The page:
Jurisdictional Issues in International Commercial Arbitration

Rebecca Huang, LL.B., FCIArb

The kompetenz-kompetenz principle is well-established globally, giving arbitrators the power to determine their own jurisdiction. After a tribunal has been constituted, the responding party may object to the jurisdiction of the tribunal or the admissibility of certain claims. How the tribunal and/or the responding party deals with such objections will have a material impact on the conduct of the hearing.

Bifurcating jurisdictional issues from merits

In the face of a request for bifurcation, the tribunal should examine the arbitration agreement to decide whether it expressly prohibits or restricts bifurcation.

In the absence of an express prohibition, the tribunal then should seek guidance from the applicable arbitration rules. Many arbitration rules allow for bifurcation, such as Article 23.04 of the London Court of International Arbitration (LCIA) Arbitration Rules (October 1, 2020) and Article 23 of the UNCITRAL Arbitration Rules (2021).

If bifurcation is permissible, the tribunal should consider elements that will best serve the parties’ interests, such as:

  1. Is the objection frivolous or serious?
  2. Is the objection closely linked with the merits?
  3. Would the objection, if successful, significantly narrow the issues or result in the dismissal of the claim?1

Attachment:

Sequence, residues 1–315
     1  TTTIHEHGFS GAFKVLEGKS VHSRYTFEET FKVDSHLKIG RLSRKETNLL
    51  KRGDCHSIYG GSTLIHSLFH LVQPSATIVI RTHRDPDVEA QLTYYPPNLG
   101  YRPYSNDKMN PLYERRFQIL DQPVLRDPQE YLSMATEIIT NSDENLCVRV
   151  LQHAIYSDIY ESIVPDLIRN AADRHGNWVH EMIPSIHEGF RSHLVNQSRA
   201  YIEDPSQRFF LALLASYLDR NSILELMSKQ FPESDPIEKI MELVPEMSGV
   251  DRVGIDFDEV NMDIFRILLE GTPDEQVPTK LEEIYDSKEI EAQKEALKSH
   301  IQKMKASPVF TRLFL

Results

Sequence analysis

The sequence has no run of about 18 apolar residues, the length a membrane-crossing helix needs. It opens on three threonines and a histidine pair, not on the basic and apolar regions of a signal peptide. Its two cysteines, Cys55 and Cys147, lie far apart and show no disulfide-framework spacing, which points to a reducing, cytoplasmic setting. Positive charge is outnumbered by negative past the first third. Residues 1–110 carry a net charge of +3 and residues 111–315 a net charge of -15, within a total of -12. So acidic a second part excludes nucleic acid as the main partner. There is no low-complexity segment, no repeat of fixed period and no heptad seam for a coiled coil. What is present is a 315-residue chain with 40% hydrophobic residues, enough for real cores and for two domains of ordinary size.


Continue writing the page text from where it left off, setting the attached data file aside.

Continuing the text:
4. Would the objection, if unsuccessful, inevitably and significantly delay the merits hearing?2
  5. Would the claimant suffer prejudice that could not be compensated by costs.3

Difference between jurisdiction and admissibility of claims

While there are overlaps between the two issues, they are not the same. The issues of jurisdiction focus on the power of the tribunal, and the issues of admissibility focus on the claims.

The assessment of a tribunal’s jurisdiction depends on fundamental factors such as the validity of the arbitration agreement and the composition of the tribunal.

The admissibility of the claims examines the claim and asks whether it could be heard by a tribunal4 that has been properly constituted pursuant to a valid arbitration agreement. For example, under Singapore law, issues of time bar arising from the statutory limitation periods go towards admissibility of the claim, not jurisdiction of the tribunal. As another example, if an arbitration agreement contains a condition precedent before arbitration can be invoked, the tribunal may be asked to determine whether the condition precedent has been satisfied such that the claim can be heard.5

There are other differences between the issues of jurisdiction and admissibility, such as:

  • A lack of jurisdiction means that the tribunal cannot hear the claim, while a lack of admissibility means that the claim is not fit for arbitration;
  • While a tribunal’s decision of no jurisdiction is usually subject to review by another body, it is not usually the case for a tribunal’s decision on inadmissibility; and
  • When a tribunal refuses jurisdiction over a claim, the parties cannot resubmit the same claim to the same tribunal. However, if a tribunal determines that a claim is inadmissible, the claimant may resubmit to the same tribunal if the flaw causing the inadmissibility is cured.6